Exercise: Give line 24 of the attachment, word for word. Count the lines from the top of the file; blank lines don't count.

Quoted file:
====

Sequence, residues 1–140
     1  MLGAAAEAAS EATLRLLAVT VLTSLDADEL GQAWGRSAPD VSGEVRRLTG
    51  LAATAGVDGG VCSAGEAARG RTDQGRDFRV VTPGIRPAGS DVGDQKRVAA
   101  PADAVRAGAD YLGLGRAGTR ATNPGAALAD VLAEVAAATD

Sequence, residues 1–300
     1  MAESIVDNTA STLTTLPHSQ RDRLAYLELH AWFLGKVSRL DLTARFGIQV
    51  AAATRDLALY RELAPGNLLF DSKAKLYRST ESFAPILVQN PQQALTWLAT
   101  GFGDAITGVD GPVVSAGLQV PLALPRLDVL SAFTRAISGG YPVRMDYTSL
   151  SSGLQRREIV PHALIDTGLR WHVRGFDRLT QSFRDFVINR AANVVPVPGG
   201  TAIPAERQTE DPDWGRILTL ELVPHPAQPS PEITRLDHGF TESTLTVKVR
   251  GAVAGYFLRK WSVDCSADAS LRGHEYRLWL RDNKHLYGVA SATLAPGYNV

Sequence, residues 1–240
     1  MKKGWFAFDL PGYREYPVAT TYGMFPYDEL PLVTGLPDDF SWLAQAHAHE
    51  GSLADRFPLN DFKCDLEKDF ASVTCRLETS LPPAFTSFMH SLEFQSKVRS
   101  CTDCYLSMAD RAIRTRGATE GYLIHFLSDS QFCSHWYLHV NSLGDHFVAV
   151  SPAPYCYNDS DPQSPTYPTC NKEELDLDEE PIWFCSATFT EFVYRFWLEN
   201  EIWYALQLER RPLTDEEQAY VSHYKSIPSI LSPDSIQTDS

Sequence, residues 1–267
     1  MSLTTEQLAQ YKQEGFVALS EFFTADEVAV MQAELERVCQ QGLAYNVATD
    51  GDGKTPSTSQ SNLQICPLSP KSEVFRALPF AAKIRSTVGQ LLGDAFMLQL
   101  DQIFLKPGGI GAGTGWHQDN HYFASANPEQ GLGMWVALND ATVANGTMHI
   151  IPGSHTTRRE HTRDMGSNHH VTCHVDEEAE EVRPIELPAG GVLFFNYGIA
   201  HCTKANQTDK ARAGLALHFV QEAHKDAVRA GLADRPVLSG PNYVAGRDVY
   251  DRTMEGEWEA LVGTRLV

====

   251  DRTMEGEWEA LVGTRLV